climb

copyright infringement and the 2013 cobra ironman 70.3


i was in cebu 2 weekends ago to cheer for friends participating in the cobra ironman 70.3. it was the 5th time that the ironman is being held in the country, and my 2nd time to be a spectator and supporter. last year, i managed to find a good, shaded spot somewhere on the manicured pathways of shangri-la mactan that allowed me to get very good pictures of the triathletes as they reached deep inside their reserves to finish the last few hundred meters of the race, which combined a 2-kilometer swim, a 90-kilometer bike ride, and a 21-kilometer run. i posted most of the pictures i took, and i was pleased by the reception: celebrities left encouraging words, a few photos were grabbed (some with permission) for personal use, and one was even made into a life-size print.


this year was no different: i was armed with my full-frame DSLR camera and maxed out 2 8 gigabyte CF cards despite the gloomy weather. but although i took many fantastic pictures from this year’s edition of the race in such locations as the marcelo fernan bridge, punta engaño, and the narrow alleys inside shangri-la mactan, i’ve decided not to post any of them on my facebook page. although i’ve long held firm to the position that i do not wish to be a party to the visual pollution of the internet, my reason for denying these athletes access to my images is that upon my arrival in cebu, i realized that one of the photos i took from last year’s cobra ironman 70.3 was used without my express authority by the race organizer on several marketing materials, including directional signs, promotional banners and commercial billboards.

i was, in short, a victim of an act that constitutes copyright infringement, which is punishable by law.


this is officially my second billboard, but one which makes me angry

how i came to discover that one of my pictures had been used without my consent and knowledge is an interesting story in itself. this summer, a triathlete sent me a message of facebook asking for the high-resolution version of a photo i took of her during the run to be used by sunrise events, the organizer of the cobra ironman 70.3. i said i would agree to the use of the picture on the fulfillment of a condition. the athlete never came back to me so i never sent the high-resolution photo, and eventually i forgot about it. i thought perhaps the condition i had imposed (which i will later reveal) was too much for the organizer.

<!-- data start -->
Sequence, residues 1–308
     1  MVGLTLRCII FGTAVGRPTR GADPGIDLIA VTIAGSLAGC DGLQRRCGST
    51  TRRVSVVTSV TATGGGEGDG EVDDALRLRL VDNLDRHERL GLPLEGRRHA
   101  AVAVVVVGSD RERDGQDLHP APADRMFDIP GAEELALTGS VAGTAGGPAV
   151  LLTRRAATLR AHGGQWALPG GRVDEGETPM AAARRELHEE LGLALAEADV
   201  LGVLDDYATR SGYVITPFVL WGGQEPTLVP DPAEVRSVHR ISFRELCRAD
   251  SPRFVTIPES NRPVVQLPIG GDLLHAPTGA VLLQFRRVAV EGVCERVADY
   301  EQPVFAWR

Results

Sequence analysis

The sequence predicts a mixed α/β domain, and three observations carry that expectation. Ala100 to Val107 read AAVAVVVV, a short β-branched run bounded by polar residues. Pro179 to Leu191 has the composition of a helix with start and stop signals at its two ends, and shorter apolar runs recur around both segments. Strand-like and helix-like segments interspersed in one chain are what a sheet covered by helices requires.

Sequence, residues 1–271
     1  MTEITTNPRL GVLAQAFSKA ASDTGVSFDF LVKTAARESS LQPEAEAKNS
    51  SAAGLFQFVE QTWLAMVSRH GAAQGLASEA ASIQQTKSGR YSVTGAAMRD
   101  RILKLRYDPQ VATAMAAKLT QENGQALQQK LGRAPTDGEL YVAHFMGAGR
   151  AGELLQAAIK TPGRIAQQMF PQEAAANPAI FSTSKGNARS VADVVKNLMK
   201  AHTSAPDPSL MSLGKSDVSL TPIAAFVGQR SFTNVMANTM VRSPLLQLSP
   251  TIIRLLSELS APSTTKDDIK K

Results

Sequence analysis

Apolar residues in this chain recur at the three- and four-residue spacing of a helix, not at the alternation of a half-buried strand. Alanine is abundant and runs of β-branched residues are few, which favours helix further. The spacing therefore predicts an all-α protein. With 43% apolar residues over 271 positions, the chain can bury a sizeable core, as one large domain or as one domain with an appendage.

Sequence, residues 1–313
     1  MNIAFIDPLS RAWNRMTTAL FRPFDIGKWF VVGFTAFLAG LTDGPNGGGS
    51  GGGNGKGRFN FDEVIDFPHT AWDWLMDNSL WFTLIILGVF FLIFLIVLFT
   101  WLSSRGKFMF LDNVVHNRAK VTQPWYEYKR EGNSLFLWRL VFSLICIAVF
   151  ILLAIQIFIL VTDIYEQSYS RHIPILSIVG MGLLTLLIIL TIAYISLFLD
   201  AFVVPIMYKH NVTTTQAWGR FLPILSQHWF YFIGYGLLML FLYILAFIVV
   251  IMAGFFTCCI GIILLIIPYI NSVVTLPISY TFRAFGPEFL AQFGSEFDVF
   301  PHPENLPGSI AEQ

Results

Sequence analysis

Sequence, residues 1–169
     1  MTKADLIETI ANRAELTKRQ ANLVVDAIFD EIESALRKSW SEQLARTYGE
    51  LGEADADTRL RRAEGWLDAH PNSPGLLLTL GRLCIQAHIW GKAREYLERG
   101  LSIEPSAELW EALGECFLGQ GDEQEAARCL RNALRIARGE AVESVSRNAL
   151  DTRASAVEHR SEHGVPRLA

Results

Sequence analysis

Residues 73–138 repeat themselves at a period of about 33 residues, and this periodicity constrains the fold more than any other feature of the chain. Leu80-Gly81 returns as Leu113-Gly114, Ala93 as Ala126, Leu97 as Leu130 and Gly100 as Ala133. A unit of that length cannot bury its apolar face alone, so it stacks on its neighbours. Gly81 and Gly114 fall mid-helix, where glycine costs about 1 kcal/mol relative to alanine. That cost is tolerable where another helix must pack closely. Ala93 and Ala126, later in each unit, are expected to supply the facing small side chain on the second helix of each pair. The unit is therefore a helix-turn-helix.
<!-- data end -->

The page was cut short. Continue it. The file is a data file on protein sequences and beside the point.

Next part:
all vehicles coming in from mandaue city and entering mactan island will be greeted by these two giant billboards

but upon my arrival in cebu, i was aghast to find a familiar photograph of a female triathlete, visibly in pain, but in fighting form, running as best she could, along with two other athletes, plastered on a tarpaulin banner that spanned the length of an entire overpass, somewhere on the island of mactan. i thought it looked exactly like the photo i took of the same female athlete who asked if she could use my photo. i whisked out my iPhone and logged on to my facebook account to verify if i had not been mistaken, and compared the image on the banner and the one on my album. they were the same photograph.


my image was used multiple times, even for online campaigns, as i would later find out

a few years ago i would have been flattered at finding my photo reproduced on a huge banner, but things have changed. i am tired of giving out my images for free to people who think that photographers are undeserving of either compensation or recognition because they do nothing but press a button. they are unwilling to acknowledge that we too are both artists and investors: we hone our craft and spend on expensive equipment. the photos are sharp and good not because we just stood there and snapped a shot. the images are amazing because they are a result of many hours of study and practice. i made my anger known through social media, and told a few friends about it, all of whom encouraged me to pursue a case, where it was appropriate.